“This Is A Motor Age, And The Motorcar Spells Mobility”

Robert Moses wrote an Atlantic essay in 1962 in which he returned fire at his many critics just as his iron fist was losing its grip on New York City. The power broker argued, naturally, in favor of a metropolis based on automobiles and high-occupancy apartment buildings. An excerpt:

“To sum up, let me ask the Gamaliels of the city a few pointed questions.

By what practical and acceptable means would they limit the growth of population?

How would they reduce the output of cars, and if they could, what would take the place of the car as an employer of workers or as a means of transport in a motorized civilization?

If more cars are inevitable, must there not be roads for them to run on? If so, they must be built somewhere, and built in accordance with modern design. Where? This is a motor age, and the motorcar spells mobility.

Is the present distinction between parkways, landscaped limited-access expressways, boulevards, ordinary highways, and city streets unscientific? If so, what do the critics propose as a substitute?

Is mass commuter railroad transportation the sole and entire answer to urban street congestion? Is conflict between rubber and rails in fact irrepressible? Are there not practical combinations of public, quasi-public, and private financing which can solve the riddle? And what of the people who prefer cars and car pools and find them more comfortable, faster, and even cheaper than rails?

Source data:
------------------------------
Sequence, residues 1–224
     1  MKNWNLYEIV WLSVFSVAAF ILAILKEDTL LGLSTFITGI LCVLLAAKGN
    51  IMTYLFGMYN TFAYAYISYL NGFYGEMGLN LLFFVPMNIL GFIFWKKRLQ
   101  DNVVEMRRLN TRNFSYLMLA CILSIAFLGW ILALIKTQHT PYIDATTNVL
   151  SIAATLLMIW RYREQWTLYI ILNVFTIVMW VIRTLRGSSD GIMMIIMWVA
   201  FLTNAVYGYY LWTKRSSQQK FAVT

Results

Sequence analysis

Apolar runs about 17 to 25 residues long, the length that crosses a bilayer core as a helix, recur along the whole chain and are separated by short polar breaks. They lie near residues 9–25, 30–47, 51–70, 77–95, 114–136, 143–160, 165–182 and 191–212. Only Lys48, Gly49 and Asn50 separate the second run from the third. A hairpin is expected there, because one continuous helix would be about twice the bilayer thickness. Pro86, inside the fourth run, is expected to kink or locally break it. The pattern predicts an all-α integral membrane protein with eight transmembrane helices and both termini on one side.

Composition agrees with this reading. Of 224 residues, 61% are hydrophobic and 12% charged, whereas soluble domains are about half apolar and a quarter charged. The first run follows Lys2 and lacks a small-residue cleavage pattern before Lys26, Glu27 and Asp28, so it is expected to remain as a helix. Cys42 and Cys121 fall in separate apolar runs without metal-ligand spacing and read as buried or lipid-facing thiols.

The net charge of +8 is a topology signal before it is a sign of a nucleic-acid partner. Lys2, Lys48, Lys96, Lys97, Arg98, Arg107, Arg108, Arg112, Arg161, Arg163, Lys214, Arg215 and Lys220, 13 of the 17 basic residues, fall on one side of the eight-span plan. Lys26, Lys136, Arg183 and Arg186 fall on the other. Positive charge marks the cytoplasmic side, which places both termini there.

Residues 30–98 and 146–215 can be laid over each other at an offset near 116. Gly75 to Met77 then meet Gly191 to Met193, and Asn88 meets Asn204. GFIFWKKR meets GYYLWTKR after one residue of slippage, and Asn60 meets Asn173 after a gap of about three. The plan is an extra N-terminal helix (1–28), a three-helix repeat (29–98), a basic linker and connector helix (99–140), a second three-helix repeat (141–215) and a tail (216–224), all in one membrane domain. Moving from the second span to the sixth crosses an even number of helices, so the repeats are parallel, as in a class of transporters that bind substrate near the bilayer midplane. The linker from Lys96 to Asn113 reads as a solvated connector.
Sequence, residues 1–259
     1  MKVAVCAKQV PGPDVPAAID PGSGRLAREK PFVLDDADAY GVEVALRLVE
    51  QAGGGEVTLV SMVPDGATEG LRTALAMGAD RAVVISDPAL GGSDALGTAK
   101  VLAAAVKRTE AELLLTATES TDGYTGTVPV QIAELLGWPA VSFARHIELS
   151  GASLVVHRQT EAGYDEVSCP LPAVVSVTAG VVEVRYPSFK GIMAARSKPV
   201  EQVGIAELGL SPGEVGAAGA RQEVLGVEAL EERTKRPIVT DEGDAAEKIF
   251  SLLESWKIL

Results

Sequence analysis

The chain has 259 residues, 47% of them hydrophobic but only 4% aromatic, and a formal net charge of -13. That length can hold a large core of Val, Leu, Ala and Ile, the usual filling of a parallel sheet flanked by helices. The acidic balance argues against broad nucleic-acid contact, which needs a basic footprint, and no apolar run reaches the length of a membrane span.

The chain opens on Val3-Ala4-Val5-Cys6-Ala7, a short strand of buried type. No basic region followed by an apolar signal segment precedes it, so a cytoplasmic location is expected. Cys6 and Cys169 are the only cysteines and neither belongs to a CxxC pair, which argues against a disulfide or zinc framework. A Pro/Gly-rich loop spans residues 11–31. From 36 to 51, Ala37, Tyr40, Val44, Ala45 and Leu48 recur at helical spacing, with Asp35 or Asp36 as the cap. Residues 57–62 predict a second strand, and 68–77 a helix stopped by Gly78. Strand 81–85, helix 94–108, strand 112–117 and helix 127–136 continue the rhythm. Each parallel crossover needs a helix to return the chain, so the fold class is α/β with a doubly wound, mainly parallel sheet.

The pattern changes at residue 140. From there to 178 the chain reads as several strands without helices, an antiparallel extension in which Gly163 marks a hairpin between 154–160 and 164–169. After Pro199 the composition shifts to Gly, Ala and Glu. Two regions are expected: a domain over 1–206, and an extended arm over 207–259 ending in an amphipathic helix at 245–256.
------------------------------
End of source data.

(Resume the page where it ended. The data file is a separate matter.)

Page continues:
If a family likes present city life, should it be forced to live according to avant-garde architectural formulas? Do most professional planners in fact know what people think and want? The incredible affection of slum dwellers for the old neighborhood and their stubborn unwillingness to move are the despair of experts. The forensic medicine men who perform the autopsies on cities condemn these uncooperative families to hell and imply that they could be transplanted painlessly to New Delhi, Canberra, Brasilia, and Utopia. We do not smoke such opium. We have to livewith our problems.

Is it a mark of genius to exhibit lofty indifference to population growth, contempt for invested capital, budgets, and taxes; to be oblivious to the need of the average citizen to make a living and to his preferences, immediate concerns, and troubles?

What do the critics of cities offer as a substitute for the highly taxed central city core which supports the surrounding, quieter, less densely settled, and less exploited segments of the municipal pie? Have they an alternative to real-estate taxes?

Pending responsible answers to these questions, those of us who have work to do and obstacles to overcome, who cannot hide in ivory towers writing encyclopedic theses, whose usefulness is measured by results, must carry on.”


A rarely shown 1953 interview with Moses on the Longines Chronoscope: